Bonaventure’s Breviloquium, part 1
We’ve begun reading Bonaventure’s delightful synopsis of the Christian faith, the Breviloquium, in my medieval thought class. According to St. Bonaventure, the “breadth, length, height, and depth” (Eph. 3:18) of Sacred Scripture refers to its exhaustive, universal scope. He writes: :
in language that is sometimes literal, sometimes symbolic, as in a kind of summa, it [Sacred Scripture] describes the contents of the entire universe, and so covers the breadth; it narrates the course of history, thus comprehending the length; it portrays the excellence of those who will ultimately be saved, thus manifesting the height; and it depicts the misery of those who will be damned, thus plumbing the depth, not only of the universe, but of the very judgments of God. In this way it describes the breadth and length and height and depth of the entire universe, insofar as it is expedient to have knowledge of it for salvation. (Brev. prologue.3)
According to Bonaventure, then, Scripture is nothing less than a divinely inspired cosmology, taking within its purview all of created existence. More than this, yet related to it, is how this “procedure” of Scripture, which is creation’s own procedure, corresponds to the human mind’s nature:
This manner of proceeding was demanded by the very nature of our human capacities, for our mind was made to grasp many and great things in a truly magnificent way. Like a certain noble mirror, it was designed to reflect the whole complex of created reality, not only naturally but also supernaturally. Thus, the procedure of Sacred Scripture may be considered as fully responding to the demands of our human faculties.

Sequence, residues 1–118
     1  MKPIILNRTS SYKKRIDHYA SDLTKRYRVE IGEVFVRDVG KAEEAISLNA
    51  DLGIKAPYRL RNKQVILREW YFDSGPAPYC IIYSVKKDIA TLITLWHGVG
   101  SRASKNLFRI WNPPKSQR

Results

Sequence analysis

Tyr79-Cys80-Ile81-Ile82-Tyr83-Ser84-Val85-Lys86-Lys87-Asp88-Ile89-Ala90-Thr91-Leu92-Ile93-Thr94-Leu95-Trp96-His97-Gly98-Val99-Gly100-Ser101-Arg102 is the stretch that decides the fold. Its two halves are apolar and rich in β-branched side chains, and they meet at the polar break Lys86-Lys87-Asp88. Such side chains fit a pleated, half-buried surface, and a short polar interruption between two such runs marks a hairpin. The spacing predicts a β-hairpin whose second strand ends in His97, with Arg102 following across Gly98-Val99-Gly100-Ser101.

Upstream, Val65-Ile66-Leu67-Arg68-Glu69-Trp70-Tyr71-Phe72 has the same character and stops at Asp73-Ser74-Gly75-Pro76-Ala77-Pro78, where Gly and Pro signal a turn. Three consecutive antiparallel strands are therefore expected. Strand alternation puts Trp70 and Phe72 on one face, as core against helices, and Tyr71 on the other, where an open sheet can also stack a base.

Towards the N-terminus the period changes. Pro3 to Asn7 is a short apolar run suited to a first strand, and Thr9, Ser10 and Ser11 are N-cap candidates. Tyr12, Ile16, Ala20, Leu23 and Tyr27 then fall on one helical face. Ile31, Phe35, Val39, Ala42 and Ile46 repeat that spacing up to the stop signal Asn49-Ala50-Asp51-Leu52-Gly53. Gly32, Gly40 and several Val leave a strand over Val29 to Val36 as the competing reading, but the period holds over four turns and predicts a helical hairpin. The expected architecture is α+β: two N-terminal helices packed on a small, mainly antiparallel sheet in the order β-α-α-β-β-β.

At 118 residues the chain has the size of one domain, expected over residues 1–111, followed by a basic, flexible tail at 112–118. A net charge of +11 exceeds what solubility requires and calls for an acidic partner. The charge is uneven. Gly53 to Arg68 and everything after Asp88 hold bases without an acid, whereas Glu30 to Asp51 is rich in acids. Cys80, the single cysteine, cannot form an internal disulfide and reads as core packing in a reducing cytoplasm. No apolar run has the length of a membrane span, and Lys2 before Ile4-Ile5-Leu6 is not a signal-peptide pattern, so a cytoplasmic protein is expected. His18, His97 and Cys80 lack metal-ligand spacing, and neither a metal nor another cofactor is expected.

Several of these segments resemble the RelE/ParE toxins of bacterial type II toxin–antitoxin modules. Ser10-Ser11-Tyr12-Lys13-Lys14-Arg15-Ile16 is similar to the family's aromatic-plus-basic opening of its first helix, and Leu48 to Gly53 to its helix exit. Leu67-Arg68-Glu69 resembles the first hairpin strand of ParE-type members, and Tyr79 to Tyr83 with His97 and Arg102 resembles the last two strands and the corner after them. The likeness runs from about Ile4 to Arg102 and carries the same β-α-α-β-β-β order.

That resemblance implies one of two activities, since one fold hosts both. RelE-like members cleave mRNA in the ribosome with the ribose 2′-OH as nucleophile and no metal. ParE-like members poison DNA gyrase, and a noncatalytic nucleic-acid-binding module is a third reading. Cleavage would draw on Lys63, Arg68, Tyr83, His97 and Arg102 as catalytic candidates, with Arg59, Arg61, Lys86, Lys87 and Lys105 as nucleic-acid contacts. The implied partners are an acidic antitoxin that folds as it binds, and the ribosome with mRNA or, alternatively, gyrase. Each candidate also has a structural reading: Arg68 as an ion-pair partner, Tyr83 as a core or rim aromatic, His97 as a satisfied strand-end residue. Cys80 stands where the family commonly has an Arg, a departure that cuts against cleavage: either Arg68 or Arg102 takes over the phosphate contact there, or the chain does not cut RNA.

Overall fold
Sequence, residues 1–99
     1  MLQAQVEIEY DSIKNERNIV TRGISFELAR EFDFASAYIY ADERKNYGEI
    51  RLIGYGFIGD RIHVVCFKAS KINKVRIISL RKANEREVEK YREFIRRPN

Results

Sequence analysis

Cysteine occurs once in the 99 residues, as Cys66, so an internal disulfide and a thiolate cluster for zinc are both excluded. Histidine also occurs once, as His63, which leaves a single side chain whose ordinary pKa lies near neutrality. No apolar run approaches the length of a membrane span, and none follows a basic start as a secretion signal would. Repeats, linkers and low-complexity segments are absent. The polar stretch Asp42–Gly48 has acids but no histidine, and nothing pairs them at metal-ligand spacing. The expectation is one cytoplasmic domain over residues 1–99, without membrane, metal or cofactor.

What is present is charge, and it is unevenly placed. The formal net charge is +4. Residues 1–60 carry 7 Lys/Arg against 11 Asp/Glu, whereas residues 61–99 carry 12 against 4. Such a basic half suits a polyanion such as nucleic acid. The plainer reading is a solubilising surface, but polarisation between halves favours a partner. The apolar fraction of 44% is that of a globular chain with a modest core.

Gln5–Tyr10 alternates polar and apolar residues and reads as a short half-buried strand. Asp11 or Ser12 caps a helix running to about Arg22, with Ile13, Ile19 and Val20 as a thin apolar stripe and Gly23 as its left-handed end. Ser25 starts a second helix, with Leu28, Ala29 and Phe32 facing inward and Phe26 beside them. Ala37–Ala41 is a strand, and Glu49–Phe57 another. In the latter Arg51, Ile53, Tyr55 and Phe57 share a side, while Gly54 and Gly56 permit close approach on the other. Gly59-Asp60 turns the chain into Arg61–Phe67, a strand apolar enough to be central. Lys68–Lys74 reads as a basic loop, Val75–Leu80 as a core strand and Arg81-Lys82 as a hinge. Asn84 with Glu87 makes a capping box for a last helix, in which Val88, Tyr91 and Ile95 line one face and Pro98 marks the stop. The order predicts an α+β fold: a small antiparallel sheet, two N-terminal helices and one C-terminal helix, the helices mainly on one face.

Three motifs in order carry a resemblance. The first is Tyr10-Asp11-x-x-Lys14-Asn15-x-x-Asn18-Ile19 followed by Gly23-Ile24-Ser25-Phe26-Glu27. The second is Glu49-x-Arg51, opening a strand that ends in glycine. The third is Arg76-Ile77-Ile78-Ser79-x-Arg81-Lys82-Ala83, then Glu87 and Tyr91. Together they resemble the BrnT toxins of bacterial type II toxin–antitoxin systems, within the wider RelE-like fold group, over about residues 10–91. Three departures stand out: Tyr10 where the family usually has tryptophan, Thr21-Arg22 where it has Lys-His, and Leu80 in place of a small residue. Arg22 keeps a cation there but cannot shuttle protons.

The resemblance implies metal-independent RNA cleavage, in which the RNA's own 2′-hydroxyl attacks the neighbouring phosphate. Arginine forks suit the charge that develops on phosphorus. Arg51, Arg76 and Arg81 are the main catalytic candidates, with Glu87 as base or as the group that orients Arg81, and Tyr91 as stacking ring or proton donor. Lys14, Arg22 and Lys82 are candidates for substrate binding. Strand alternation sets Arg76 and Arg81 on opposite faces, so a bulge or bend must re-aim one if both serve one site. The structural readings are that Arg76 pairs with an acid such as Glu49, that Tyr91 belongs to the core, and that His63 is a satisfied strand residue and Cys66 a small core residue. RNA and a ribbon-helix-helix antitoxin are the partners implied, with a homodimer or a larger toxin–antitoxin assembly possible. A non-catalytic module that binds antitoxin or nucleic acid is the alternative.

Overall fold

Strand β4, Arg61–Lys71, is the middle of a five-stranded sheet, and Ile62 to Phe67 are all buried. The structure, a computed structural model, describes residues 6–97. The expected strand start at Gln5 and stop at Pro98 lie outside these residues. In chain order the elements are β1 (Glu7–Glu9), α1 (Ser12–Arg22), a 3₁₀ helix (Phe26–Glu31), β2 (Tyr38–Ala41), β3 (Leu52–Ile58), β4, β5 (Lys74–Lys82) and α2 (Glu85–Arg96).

In structuring Scripture in the way that he has (i.e., according to the above quadrad of breadth, length, height, and depth), God has accommodated Scripture to the structures of the human mind’s own manner of knowing. God has ordained an adequatio or mutual conforming, we might say, of Scripture and mind. If so, it stands to reason that to understand the human mind and its ways of knowing, we must understanding something of the structure of Scripture itself. Both Scripture and the mind, after all, are each a “mirroring” of reality, meaning that Scripture and the mind are and are to be mirrors of each other. The structure of Scripture is the structure of the mind. On the opening page of his Breviloquium Bonaventure comments how Scripture simply is theology. As it turns out, Scripture is also psychology.